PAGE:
• Follow the Centers for Disease Control and Prevention’s guidance on personal hygiene prior to visiting golf courses and other public spaces, while at the golf course, and during the operation of golf courses. 
  • Prevent customers from gathering in the clubhouse or limit all access to the clubhouse  Customers will be instructed to purchase their items and then exit outside. 
  • Observe the CDC’s recommended social distancing of 6 feet from other persons at all times.
  • Golf carts likely should not be shared, if used at all. Recommend that golf players walk the course.
  • Encourage customers to avoid paying with cash and make payments over the phone or online.  

“Our team will continue to work with golf operators to evaluate their courses and practices during this time,” an Indy Parks spokeswoman said by email.

Indiana coronavirus timeline

  • March 6: Indiana State Department of Health (ISDH) confirms the first case in Indiana. Officials say the Marion County resident had recently traveled to Boston to attend a BioGen conference as a contractor.
  • March 8: ISDH confirms a second case. An adult in Hendricks County who had also traveled to the BioGen conference was placed in isolation. Noblesville Schools announces that a parent and that parent’s children will be self-quarantining after attending an out-of-state event where someone else tested positive.
  • March 9: ISDH’s total of positive cases rises to 4. Avon Community School Corp. had announced on March 8 that a student tested positive; that case, along with another in Noble County, was confirmed by state health officials at a news conference.
  • March 10: ISDH’s total of positive cases rises to 6 as the state launches an online tracker. Purdue and Indiana universities suspend classes for two weeks beyond their spring breaks. Ball State University basketball fans learn the Mid-American Conference tourney will have no fans in the stands. Three businesses operating nursing homes in Indiana announce they will no longer allow visitors.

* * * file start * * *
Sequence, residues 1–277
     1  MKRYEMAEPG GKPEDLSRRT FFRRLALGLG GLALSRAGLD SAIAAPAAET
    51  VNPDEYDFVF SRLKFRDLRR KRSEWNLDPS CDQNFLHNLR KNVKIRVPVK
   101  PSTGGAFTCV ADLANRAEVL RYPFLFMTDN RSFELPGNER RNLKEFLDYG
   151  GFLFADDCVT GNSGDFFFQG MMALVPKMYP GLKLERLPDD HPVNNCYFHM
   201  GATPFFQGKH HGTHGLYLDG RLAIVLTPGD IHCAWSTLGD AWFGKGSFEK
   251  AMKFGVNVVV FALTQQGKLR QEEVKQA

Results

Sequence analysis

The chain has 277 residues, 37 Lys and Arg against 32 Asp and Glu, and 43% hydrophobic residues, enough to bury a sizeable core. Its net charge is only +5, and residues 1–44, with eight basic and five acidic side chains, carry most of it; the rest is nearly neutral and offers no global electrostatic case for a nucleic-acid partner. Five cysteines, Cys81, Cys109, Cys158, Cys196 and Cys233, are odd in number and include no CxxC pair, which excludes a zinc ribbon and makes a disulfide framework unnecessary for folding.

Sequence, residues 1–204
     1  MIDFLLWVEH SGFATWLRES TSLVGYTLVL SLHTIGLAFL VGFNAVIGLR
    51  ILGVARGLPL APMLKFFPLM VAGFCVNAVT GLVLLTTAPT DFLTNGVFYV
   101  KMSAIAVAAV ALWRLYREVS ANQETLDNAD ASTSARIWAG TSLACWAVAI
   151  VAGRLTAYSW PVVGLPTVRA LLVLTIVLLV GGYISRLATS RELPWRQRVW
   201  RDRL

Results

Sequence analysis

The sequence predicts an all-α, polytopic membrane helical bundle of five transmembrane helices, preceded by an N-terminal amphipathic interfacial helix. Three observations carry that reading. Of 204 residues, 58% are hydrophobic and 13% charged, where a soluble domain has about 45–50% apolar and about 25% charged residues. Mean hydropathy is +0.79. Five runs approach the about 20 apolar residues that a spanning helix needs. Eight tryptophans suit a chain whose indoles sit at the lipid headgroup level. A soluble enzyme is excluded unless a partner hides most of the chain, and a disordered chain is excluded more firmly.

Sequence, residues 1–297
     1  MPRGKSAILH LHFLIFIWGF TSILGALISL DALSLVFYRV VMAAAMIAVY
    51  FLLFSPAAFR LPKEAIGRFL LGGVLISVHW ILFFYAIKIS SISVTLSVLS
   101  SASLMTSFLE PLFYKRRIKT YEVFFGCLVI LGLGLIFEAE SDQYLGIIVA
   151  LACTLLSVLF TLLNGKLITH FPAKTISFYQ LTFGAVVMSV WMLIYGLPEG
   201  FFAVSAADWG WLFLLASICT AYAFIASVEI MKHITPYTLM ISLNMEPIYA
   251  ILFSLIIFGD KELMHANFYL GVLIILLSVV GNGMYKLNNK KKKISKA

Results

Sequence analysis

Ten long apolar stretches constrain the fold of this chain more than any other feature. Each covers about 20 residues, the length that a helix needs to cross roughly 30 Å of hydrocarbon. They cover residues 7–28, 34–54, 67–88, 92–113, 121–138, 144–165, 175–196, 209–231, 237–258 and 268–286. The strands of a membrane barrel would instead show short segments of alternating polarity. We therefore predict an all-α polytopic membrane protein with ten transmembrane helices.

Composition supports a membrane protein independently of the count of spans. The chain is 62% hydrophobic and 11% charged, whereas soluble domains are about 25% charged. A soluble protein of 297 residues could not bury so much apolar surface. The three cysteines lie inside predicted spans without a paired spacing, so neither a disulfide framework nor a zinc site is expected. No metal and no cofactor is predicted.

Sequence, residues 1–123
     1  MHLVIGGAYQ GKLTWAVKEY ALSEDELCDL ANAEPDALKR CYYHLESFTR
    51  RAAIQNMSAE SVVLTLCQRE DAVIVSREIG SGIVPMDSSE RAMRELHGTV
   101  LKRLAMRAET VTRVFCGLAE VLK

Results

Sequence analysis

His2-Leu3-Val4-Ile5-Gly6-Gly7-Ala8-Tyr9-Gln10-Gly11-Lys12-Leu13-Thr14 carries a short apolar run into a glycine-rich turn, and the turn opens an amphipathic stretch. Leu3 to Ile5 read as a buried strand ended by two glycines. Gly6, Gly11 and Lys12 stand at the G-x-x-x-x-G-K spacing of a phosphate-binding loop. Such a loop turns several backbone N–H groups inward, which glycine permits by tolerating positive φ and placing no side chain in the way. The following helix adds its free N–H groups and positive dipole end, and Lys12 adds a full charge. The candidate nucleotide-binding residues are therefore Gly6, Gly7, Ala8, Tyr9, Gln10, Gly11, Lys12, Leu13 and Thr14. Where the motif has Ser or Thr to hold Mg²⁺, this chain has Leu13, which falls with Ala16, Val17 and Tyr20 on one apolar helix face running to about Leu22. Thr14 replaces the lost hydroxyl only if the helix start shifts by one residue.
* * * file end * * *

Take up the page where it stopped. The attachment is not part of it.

• March 11: ISDH confirms four more positive cases in Indiana. The University of Indianapolis announces it will extend its ongoing spring break through March 22. The Indianapolis-based NCAA announces the men’s and women’s Final Four basketball tournaments will be conducted with essential staff and limited family attendance. The Big Ten announces all sports events, including the men’s basketball tournament at Bankers Life Fieldhouse, will have no fans starting March 12. Ball State University announces classes are suspended for the rest of the spring semester. NBA suspends all games, including the Indiana Pacers, until further notice. Butler University extends its spring break, after which it will go to virtual classes.
  • March 12: ISDH’s total of positive cases rises 12. Taylor University cancels international and domestic spring break trips for students and faculty sponsors. Indianapolis’ annual St. Patrick’s Day Parade is canceled. Gov. Eric Holcomb announces new protections that led to extended public school closings and the cancellation of large events across the state. The league including the Indy Fuel hockey team suspends its season. Indy Eleven says it will reschedule four matches, including its April 4 home opener. The NCAA cancels the men’s and women’s basketball tournaments. The Big Ten suspends all sporting events through the winter and spring seasons.